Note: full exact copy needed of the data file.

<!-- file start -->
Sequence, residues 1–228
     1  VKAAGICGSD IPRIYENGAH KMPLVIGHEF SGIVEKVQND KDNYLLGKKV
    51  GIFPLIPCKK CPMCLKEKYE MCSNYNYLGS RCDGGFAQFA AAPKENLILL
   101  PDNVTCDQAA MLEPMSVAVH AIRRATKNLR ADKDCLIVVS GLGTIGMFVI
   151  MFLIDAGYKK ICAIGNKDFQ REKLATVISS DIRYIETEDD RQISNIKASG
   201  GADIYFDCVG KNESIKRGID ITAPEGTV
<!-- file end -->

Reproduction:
Sequence, residues 1–228
     1  VKAAGICGSD IPRIYENGAH KMPLVIGHEF SGIVEKVQND KDNYLLGKKV
    51  GIFPLIPCKK CPMCLKEKYE MCSNYNYLGS RCDGGFAQFA AAPKENLILL
   101  PDNVTCDQAA MLEPMSVAVH AIRRATKNLR ADKDCLIVVS GLGTIGMFVI
   151  MFLIDAGYKK ICAIGNKDFQ REKLATVISS DIRYIETEDD RQISNIKASG
   201  GADIYFDCVG KNESIKRGID ITAPEGTV